2006; Wang et al., 2002; Yamaguchi et al., 2005b). Additionally,
neural Wiskott–Aldrich syndrome protein (N-WASP), has been
implicated in cell invasion (Lorenz et al., 2004; Oser et al., 2010;
Snapper et al., 2001; Wang et al., 2005; Yamaguchi et al.,
N-WASP (Miki et al., 1996) is a member of the WASP family
of proteins that are key regulators of reorganization of the
actin cytoskeleton in several signaling pathways (Stradal et al.,
2004; Takenawa and Suetsugu, 2007). N-WASP activates
Arp2/3-complex-mediated actin polymerization and this activity
is regulatedupstream byCdc42,
phosphoinositides. N-WASP was previously shown to be an
essential component of invadopodia (Lorenz et al., 2004;
Yamaguchi et al., 2005a), but not lamellipodia (Desmarais
et al., 2009) or filopodia (Li et al., 2010) in metastatic carcinoma
cells. In other cell types present in primary tumors, macrophages
are known to develop invasive and adhesive structures very
similar to invadopodia (Oser et al., 2011) called podosomes. In
these structures the primary controller of actin polymerization is
WASP (Linder et al., 1999).
724 Research Article
Journal of Cell Science
Given this background, we have studied the importance of N-
WASP in the invasion and migration of tumor cells in vivo and its
requirement for intravasation and metastasis of mammary tumors.
In particular, we have studied N-WASP involvement in the
formation of invadopodia in vivo in tumor cells and the direct link
between invadopodium formation and remodeling of stroma by
cancercells duringinvasion,intravasation and lung metastasis. We
examined the phenotypes of MTLn3 cells with impaired function
or silencing of N-WASP, and the ability of these cells to form
tumors, invade, intravasate and metastasize. We report that N-
WASP-mediated invadopodium formation is necessary for the
invasion and intravasation steps in breast cancer metastasis.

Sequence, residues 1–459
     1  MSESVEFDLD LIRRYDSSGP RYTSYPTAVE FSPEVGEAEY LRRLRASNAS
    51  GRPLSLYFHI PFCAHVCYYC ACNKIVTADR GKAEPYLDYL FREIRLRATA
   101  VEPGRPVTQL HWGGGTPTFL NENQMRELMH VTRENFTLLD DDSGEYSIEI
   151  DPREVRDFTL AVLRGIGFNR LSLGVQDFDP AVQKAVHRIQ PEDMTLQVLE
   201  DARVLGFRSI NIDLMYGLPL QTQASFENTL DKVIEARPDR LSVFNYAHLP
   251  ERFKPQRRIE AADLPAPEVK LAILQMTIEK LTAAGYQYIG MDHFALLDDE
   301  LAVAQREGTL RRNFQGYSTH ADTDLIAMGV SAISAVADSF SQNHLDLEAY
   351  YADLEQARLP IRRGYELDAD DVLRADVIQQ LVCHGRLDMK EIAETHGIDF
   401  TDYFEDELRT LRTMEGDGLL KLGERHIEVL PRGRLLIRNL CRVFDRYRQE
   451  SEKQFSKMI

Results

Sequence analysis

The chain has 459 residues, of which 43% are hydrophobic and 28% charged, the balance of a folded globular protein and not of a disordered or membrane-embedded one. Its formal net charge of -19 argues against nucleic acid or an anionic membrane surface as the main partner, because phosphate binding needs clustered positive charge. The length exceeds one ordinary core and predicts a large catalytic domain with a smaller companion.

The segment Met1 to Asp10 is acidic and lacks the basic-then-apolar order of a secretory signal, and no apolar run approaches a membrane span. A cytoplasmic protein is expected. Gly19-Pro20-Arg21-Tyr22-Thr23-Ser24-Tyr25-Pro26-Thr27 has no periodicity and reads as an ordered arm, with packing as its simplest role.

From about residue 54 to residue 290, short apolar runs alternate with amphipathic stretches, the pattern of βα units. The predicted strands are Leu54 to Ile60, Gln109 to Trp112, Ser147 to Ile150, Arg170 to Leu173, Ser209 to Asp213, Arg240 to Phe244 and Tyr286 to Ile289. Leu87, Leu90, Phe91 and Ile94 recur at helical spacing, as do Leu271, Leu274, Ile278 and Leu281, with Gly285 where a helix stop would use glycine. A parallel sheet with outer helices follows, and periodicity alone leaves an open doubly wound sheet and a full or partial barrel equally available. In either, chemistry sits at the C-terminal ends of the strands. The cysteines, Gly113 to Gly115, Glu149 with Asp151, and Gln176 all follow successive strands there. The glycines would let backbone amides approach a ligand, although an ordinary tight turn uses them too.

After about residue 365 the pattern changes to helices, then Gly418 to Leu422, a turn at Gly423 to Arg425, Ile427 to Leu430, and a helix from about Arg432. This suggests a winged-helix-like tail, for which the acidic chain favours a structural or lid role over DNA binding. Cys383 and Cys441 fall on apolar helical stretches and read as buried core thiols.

Expression DN N-WASP and N-WASP shRNA reduces
number of invadopodia and matrix degradation levels
In order to study the role of N-WASP in tumor cell behavior, we
established stable MTLn3 rat mammary adenocarcinoma cell
lines in which we interfered with the endogenous N-WASP
protein. One approach was to overexpress the dominant-negative
(DN) form of N-WASP that lacks essential amino acids for
activation of the Arp2/3 complex and therefore acts as a
competitive inhibitor of endogenous N-WASP proteins as
shown previously (Banzai et al., 2000). We also used an
alternative approach to block N-WASP activity by silencing N-
WASP expression with N-WASP small hairpin RNA (shRNA).
The control cells used were parental MTLn3 cells transduced
with control vectors (either pMX vector or scrambled shRNA in
pSuper vector). All constructs were introduced by retroviral
transfections. Immunoblotting analysis demonstrated that DN N-
WASP-transfected cells overexpressed ectopic DN N-WASP
protein 6.7-fold, whereas N-WASP shRNA resulted in 75%
silencing compared with control-shRNA-treated cells (Fig. 1A).
All cell lines showed similar morphology and growth rates and
no changes in random cell motility were observed (data not
We previously reported that transient interference of N-WASP
by siRNA or overexpression of DN N-WASP transfection
Fig. 1. Establishment of MTLn3 cell lines expressing DN N-WASP and shRNA constructs and effects on invadopodium formation and activity.
(A) Relative expression levels of N-WASP protein measured in lysates of control MTLn3 (pMX and scrambled shRNA) cells or MTLn3 cells stably
overexpressing DN N-WASP or N-WASP shRNA. Immunoblotting was done with anti-N-WASP or anti-b-actin antibodies. (B) Representative images of MTLn3
control (pMX and scrambled shRNA) cells and cells expressing DN N-WASP or N-WASP shRNA cultured on a fluorescent gelatin-based matrix. Fixed cells were
labeled for anti-cortactin (green) and actin (phalloidin, red). Upper panels show invadopodia (anti-cortactin and phalloidin colocalization – yellow inside cells);